The Boulder Junction Town Board met with the Boulder Junction Volunteer Fire Department on Sept. 5 to address some of the department’s concerns with its budget.
Part of the purpose of the meeting was to have an open conversation between the fire department and the town board so the board could gain some direction in setting the town’s budget.
“In several meetings with the fire department, there have been suggestions coming forward that the budget lines are not as intuitive as they might be as far as how the department treasurer directs the payment of the invoice,” town supervisor Jim Galloway said.
According to Galloway, there had been discussion about renaming or combining budget lines.
While these were some of the budget-related items the board wanted to resolve during the meeting, one brought to the board’s attention by the fire department revolved around revenues collected from the ambulance and how they were applied to their two designated funds
“It seems like, the way our budget is set up we’ve had two primary accounts,” firefighter Paul Newberg said. “We got our 52000 group numbers, which is our fire and EMS expenses and revenues, and we’ve got out 70000 group, which is our donation funds.”
Newberg said the department’s fire fund wasn’t reflected in the budget worksheet the department had received.
“Which is the same as the account that was started from that ambulance revenue thing, which is billed by LifeQuest,” Newberg said. “As a fire department, we don’t get any accounting of what’s billed, what’s collected. It doesn’t show up on here anywhere so we know what’s being spent from it.”
Newberg said he knew what was being spent from it because the department had asked the board permission to make purchases from the fire fund account, but that it “didn’t show up” on their paperwork as an account.
Issues with LifeQuest
Galloway asked the department if they saw any accounting of the revenues due the ambulance.
“Do you see the billing at all?” Galloway asked.
The department said they hadn’t.
“Let’s back up on that, though,” EMS director Daniell Wahlgren said. “We do have access to the reports that LifeQuest submits, I don’t ever see checks or anything like that coming into town.”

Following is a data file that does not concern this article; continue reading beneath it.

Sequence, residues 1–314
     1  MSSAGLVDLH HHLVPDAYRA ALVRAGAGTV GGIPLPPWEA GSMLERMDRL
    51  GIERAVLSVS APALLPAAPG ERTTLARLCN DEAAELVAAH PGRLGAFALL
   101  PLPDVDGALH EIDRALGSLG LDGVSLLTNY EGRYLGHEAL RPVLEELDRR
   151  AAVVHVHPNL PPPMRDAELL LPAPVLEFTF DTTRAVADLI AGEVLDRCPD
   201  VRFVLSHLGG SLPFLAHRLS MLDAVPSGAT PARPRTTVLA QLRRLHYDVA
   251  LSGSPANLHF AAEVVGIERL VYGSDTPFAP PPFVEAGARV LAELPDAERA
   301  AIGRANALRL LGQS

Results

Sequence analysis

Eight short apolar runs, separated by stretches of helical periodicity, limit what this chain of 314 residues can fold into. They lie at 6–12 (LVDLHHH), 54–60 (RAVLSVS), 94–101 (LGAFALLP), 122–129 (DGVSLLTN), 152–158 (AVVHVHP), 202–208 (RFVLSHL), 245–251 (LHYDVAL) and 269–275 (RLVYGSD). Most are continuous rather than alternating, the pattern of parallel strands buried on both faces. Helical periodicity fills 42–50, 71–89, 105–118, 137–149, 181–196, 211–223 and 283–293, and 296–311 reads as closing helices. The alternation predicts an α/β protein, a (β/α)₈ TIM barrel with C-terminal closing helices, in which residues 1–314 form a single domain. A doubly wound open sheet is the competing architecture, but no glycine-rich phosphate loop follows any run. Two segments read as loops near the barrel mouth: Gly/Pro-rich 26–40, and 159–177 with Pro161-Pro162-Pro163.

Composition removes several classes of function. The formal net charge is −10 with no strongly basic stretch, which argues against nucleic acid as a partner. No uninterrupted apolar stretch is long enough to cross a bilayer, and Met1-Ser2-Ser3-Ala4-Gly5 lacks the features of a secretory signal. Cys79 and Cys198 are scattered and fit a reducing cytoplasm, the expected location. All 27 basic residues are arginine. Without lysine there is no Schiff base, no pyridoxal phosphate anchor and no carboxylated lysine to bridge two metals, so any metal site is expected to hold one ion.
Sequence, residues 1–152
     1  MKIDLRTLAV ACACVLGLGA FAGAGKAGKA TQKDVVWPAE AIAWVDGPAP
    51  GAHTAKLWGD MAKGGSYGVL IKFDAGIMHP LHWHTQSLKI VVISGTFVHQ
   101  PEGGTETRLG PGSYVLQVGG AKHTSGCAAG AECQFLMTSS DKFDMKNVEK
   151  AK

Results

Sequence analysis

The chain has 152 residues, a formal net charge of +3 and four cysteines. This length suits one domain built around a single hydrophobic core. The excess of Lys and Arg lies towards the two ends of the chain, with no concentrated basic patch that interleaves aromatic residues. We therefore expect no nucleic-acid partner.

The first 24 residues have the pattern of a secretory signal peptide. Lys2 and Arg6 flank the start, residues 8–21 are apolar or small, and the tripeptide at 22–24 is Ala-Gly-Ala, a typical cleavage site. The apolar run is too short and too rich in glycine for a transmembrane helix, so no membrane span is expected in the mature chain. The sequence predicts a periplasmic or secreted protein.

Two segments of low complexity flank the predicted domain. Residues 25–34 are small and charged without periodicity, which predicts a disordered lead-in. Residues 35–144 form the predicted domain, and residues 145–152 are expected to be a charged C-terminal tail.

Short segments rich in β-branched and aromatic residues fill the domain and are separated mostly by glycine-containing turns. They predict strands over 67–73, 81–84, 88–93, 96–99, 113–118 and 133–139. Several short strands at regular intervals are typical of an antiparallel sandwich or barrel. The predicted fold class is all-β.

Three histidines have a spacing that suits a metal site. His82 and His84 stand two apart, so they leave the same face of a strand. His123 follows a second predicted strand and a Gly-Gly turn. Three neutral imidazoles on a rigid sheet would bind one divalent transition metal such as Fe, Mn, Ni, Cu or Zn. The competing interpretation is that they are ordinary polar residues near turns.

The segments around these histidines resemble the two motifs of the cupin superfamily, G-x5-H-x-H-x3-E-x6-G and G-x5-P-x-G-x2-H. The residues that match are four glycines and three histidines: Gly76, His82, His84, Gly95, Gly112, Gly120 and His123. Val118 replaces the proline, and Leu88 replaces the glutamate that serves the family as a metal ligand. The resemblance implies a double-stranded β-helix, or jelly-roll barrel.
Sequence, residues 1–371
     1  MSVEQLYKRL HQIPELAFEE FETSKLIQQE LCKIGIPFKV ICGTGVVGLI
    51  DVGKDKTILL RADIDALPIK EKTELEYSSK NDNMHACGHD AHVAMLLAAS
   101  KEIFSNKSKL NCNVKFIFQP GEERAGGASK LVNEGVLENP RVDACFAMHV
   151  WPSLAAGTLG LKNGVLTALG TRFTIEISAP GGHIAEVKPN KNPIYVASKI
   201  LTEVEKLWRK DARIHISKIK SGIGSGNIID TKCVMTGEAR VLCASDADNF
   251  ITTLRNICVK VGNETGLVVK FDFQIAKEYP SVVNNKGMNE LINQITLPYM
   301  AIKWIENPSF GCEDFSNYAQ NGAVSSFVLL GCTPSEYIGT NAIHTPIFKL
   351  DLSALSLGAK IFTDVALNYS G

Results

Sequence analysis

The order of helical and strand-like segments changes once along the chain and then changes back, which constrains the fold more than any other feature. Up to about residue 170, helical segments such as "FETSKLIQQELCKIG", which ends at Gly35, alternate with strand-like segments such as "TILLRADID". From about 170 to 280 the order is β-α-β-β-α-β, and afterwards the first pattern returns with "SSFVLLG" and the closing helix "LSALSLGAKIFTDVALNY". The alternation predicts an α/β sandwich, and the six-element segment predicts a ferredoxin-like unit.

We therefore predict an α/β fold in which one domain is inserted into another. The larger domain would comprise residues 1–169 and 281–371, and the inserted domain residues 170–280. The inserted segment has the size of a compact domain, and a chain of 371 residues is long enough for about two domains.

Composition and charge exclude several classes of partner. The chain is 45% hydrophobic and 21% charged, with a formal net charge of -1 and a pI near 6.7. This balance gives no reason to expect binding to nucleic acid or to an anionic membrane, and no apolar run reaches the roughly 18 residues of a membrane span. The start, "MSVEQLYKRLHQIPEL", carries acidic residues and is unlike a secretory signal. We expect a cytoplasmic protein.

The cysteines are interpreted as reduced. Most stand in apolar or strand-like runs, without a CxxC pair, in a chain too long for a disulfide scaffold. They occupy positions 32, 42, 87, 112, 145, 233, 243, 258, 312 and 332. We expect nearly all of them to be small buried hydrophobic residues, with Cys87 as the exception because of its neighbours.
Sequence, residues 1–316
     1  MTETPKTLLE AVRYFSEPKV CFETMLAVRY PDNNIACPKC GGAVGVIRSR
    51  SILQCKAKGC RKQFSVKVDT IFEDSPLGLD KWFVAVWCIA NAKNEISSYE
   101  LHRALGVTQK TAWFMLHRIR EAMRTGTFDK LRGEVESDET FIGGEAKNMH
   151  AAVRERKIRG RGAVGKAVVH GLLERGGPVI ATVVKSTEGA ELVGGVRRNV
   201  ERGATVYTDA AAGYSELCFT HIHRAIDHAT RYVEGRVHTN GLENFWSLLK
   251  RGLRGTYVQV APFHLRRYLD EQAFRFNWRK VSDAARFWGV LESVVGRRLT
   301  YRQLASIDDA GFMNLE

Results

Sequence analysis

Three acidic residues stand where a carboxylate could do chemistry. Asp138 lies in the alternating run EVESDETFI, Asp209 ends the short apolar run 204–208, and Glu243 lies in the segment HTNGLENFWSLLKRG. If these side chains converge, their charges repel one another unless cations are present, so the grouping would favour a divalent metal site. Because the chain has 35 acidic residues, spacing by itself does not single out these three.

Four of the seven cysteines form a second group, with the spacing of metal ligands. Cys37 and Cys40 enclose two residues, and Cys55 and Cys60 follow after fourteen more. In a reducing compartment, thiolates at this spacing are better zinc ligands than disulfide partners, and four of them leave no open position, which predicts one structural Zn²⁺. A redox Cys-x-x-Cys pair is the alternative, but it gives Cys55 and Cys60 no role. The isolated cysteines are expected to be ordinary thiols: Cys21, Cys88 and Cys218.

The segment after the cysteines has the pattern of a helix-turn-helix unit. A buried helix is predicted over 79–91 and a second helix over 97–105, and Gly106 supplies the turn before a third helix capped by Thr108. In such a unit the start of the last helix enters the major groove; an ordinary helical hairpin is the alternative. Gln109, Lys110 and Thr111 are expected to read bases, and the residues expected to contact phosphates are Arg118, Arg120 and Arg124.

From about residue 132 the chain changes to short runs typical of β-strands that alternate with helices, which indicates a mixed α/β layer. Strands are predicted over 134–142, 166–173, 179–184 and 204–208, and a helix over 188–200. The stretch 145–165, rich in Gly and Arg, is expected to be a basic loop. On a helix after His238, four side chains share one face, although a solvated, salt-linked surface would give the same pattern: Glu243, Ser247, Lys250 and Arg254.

Galloway clarified the department could verify LifeQuest was billing for the appropriate number of runs.
“So, then this is a matter of just deciding how the dispersement from check get credited to various lines,” Galloway said. “And right now, is it 25/75, 25 to the ambulance fund, 75 to the fire fund?”
Another concern was with people not paying the bill from LifeQuest.
“If a lot of people don’t pay, that’s how those numbers can be off,” firefighter Jason Maurer said.
According to Newberg, when the department had initially started with LifeQuest, it had been determined the department wouldn’t pursue anything beyond the initial billing.
Galloway suggested the department could get into contact with other departments to see what billing agencies they used.
‘It’s a team effort’
Though the department initially believed they didn’t receive an accounting of the revenues due the ambulance, after some discussion, it was found that they did.
“I didn’t know that this was coming up today, and I apologize, but all this information that you guys are looking for, the paper trail, as Paul said, it’s all on that site,” Wahlgren said. “I’m looking right at it.”
According to Wahlgren, he could see the expenditures, as well as what checks were written and where the money was coming out of.
“We just don’t get a paper copy,” Wahlgren said.
Wahlgren said if Driscoll wanted access to the document, he could set that up.
The board and fire department then discussed combining and separating line items.
“It’s a team effort here,” town chairman Dennis Reuss said. “And if anything’s an asset, our fire department and EMS is the town’s true asset.”
Reuss directed the department to write their suggestions on the budget worksheet.
“This town board isn’t the origin for these lines,” Galloway said. “We’re more than happy to modify them.”
Ultimately decided members of the fire department would meet with Driscoll to discuss those items before bringing it back to the board for its direction.
The board also directed the department to build a budget based on its needs.
Newberg said he had a statement he wanted to share.
“We’re at a new time with new people working together to be accountable and transparent to our department, the town board and our community,” Newberg said.
Kayla Houp may be reached via email at [email protected]